Prostate cancer affects one in six American men, and is the second leading cause of cancer death in males ages 50 and older. The primary signifier of the possible presence of prostate cancer is an elevated level of a protein produced by the prostate gland called prostate-specific antigen, or PSA. Elevated PSA levels are easily detected through a simple blood test, but, because PSA levels naturally rise with age, what’s considered normal can vary over time. Some men experience sudden increases in PSA protein that, while still within the normal range for their age group, may indicate the onset of prostate disease. To discover changes early, the Board Certified radiologists of RAO and other health agencies recommend that men ages 40 – 70 get a PSA test every two to four years, and that those with elevated or rapidly-rising PSA levels get tested annually so that cancer can be diagnosed before it has a chance to spread to other organs, when it can be difficult or impossible to treat.
Higher-than-normal PSA levels alone don’t indicate cancer – in fact, most of the time PSA levels rise because of other causes, like aging or problems that may still require treatment or monitoring, like infection, abscess, inflammation or prostatic hyperplasia, which is a benign enlargement of the prostate gland. To find out what’s behind rising PSA levels and catch changes in the prostate early, RAO offers a breakthrough in diagnosis, magnetic resonance imaging (MRI) of the prostate.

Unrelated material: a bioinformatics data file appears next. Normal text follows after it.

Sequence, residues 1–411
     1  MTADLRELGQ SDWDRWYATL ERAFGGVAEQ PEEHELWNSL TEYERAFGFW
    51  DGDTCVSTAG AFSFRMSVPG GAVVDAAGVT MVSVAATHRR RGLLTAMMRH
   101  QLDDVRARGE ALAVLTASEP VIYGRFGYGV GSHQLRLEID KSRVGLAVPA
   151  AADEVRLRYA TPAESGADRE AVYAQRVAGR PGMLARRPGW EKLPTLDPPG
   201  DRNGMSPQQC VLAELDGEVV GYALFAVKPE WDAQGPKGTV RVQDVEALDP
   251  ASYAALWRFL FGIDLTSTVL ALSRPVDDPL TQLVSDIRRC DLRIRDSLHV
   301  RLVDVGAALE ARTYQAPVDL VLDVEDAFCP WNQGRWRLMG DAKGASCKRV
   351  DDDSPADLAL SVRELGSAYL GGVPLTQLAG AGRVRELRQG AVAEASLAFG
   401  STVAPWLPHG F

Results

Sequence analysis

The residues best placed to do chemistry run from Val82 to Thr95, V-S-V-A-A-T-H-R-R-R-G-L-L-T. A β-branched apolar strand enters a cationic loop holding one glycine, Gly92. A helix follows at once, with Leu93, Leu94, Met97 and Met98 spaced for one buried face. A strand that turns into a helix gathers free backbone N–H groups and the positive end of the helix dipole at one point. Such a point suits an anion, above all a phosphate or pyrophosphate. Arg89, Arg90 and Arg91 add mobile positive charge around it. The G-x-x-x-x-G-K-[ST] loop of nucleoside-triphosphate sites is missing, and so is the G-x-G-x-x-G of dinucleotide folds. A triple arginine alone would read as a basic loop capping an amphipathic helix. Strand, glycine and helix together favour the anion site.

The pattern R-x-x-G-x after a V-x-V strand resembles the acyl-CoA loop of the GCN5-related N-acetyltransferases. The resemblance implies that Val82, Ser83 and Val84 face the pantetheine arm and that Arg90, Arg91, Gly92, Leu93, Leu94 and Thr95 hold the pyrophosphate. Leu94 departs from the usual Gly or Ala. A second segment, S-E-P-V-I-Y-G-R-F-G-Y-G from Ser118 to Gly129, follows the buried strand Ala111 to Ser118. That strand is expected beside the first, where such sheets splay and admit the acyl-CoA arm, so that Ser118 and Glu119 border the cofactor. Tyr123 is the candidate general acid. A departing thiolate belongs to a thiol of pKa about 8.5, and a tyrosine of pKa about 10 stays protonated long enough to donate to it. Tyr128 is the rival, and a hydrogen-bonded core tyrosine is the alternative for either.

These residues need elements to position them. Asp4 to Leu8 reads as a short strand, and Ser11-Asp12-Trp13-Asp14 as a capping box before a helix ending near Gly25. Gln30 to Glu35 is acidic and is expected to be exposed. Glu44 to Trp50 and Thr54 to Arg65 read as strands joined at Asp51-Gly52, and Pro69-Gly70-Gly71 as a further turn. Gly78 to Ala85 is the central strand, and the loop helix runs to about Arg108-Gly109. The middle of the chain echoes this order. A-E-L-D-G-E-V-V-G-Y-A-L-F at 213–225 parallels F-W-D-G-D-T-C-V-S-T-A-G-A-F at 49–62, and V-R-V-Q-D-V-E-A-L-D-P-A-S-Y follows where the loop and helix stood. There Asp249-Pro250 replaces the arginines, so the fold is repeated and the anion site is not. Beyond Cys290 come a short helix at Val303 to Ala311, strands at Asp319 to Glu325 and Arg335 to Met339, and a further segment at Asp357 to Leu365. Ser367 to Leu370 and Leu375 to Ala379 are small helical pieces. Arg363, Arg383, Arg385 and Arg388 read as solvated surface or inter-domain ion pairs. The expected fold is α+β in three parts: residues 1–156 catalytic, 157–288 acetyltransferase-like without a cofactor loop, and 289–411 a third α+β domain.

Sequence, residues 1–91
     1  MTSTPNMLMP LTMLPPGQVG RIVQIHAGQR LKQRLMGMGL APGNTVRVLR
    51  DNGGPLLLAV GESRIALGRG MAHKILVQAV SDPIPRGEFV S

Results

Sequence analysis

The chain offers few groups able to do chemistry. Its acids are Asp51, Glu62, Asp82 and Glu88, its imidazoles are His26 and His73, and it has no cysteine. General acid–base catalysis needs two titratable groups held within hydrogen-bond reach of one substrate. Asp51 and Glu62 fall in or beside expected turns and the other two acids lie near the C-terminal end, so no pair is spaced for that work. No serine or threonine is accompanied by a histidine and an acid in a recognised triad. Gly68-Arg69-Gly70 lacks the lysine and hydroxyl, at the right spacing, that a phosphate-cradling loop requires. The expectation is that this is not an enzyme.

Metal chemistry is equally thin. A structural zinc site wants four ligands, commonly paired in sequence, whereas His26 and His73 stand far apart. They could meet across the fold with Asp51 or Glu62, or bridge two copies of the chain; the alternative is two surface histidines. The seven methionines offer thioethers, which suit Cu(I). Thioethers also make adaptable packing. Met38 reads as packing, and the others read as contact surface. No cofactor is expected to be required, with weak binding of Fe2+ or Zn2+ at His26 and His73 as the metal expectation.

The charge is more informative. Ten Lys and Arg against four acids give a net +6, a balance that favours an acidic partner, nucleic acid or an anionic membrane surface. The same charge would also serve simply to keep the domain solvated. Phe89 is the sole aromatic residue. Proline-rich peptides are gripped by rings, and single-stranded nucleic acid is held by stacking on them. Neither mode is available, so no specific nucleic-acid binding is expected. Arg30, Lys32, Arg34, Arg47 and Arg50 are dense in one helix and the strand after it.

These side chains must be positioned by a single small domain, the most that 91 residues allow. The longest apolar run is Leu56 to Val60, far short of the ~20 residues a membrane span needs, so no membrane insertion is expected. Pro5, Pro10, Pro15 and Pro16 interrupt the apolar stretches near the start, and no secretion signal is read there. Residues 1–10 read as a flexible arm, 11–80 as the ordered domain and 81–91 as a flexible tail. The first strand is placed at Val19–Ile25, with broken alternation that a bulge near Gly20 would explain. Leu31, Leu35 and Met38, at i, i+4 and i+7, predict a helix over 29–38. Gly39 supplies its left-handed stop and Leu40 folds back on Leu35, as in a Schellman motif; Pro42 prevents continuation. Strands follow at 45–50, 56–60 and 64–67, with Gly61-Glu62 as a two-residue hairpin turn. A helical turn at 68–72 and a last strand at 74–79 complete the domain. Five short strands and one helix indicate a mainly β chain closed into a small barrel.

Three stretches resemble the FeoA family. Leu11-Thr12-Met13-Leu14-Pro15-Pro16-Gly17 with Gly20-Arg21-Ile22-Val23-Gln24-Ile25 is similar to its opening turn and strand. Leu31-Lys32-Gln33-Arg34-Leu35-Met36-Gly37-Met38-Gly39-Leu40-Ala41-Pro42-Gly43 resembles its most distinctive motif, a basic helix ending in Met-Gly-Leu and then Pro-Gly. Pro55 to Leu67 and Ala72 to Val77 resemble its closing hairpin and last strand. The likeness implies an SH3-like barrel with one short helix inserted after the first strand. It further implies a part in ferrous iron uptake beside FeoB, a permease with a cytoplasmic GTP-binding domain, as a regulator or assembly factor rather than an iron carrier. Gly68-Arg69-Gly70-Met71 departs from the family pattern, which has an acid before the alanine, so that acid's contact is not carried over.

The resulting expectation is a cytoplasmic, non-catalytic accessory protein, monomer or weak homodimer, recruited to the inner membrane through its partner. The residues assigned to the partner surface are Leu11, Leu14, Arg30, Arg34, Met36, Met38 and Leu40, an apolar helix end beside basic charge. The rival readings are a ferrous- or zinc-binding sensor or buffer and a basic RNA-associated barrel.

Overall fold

Unlike practices that rely on ultrasound or computed tomography (CT) for secondary prostate analyses, RAO prefers the superior imaging capacity of high field MRI technology, which delivers more power than high-performance MRI and many times the power of a standard open MRI, without the exposure to ionizing radiation of CT and the comparatively limited detail of ultrasound. As the leading local provider of MRI prostate imaging, RAO and its team of subspecializing radiologists are capable of discovering even the tiniest changes and anomalies, for earlier discovery of cancer and other problems. High field MRI scanning helps your radiologist and referring clinician establish a diagnosis more rapidly and accurately than ever before.
Remember, when caught in time, prostate cancer is highly treatable and survivable. If you’re 40 or older, talk to your clinician about PSA testing and what levels are right for you. And when secondary testing is required, consider the higher standard in prostate examination, high field MRI from RAO. Nothing else is as safe and accurate in the fight against prostate cancer.